Surgery for nerve pain is outpatient, so you’ll need someone to drive you home and care for you in the hours after surgery while your anesthesia wears off. Recovery time for neuropathy surgery is between two and four weeks, and you’ll be able to resume most of your regular activities shortly after surgery, depending on the location of the damaged nerve or nerves and other factors. Your doctor will discuss your custom treatment and recovery plan with you before surgery.
Success rate of neuropathy surgery
The success rate for neuropathy surgery is approximately 80%. “Success” typically means complete resolution of the pain and numbness associated with peripheral neuropathy. For people who respond to the surgery, these changes are permanent.
Barbara beats peripheral neuropathy with nerve decompression surgery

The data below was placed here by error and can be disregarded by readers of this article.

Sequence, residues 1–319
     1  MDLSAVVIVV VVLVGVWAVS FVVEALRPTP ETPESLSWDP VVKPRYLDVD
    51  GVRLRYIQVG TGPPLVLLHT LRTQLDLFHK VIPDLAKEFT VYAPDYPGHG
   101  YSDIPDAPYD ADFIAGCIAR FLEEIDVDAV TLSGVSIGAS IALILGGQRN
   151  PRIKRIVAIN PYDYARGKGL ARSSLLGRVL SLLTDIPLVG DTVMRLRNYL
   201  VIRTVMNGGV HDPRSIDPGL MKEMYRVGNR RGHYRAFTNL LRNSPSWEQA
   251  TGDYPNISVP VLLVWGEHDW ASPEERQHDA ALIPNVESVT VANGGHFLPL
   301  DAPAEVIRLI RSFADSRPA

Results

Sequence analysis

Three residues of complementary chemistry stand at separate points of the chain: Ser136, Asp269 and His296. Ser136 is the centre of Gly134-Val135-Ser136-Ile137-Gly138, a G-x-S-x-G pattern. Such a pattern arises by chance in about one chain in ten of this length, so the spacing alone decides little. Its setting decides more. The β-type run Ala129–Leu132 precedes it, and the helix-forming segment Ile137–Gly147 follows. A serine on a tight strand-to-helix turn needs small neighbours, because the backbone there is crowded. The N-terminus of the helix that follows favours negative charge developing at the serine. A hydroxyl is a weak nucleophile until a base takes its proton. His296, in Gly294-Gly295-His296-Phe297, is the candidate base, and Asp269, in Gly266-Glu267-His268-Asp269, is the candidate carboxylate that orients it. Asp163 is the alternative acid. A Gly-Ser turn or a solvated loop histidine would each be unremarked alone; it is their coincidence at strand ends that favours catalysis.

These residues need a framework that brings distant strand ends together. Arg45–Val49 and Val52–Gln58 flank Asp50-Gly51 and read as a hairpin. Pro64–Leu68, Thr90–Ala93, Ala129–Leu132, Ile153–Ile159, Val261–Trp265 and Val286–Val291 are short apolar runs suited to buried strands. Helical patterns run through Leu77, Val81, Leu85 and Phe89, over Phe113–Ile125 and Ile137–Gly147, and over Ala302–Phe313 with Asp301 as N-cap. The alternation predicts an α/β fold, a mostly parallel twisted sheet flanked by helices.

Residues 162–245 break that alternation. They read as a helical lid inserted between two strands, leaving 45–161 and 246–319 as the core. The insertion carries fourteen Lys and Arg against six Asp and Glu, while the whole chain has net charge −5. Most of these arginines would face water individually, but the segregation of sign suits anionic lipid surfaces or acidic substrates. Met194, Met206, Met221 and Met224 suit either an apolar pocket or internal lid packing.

Barbara is a 75-year-old woman who came to see Dr. Tim Tollestrup because of peripheral neuropathy symptoms. She had been suffering from neuropathy symptoms in both feet for five years, which prevented her from dancing and taking part in other activities she enjoyed. Driving had also become difficult because she couldn’t feel the gas pedal due to the numbness in her foot.
Barbara has hypothyroidism, which is a risk factor for neuropathy. She told Dr. Tollestrup that even before the last five years of numbness, her feet had had a constant burning sensation for as long as she could remember. Both feet were affected equally, but it was the bottoms of her feet that gave her the most trouble. Recently, she had started to notice some deterioration in her balance, as well.